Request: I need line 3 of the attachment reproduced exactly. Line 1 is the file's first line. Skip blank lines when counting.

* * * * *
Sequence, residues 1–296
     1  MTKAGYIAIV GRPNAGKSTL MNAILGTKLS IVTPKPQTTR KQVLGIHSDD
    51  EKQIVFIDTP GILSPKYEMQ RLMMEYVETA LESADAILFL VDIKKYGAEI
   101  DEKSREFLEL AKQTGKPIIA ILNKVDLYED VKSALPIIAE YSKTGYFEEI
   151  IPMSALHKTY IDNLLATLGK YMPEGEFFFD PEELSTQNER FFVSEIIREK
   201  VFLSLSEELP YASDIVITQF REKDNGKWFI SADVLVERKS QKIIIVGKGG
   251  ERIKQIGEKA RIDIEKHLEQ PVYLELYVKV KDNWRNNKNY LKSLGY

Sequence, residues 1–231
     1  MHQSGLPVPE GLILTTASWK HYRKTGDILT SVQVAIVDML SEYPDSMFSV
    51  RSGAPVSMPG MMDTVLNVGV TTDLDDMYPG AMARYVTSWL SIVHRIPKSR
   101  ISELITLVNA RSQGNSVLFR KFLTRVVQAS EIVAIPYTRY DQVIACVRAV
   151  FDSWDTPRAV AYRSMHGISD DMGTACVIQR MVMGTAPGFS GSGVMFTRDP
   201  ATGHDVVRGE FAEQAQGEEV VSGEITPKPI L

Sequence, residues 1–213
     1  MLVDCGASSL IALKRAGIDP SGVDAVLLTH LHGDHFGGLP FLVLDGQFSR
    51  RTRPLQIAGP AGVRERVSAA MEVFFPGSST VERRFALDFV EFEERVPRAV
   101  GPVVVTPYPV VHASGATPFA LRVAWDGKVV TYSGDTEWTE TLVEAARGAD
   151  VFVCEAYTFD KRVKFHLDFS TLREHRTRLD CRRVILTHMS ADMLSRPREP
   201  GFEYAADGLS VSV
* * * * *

    51  EKQIVFIDTP GILSPKYEMQ RLMMEYVETA LESADAILFL VDIKKYGAEI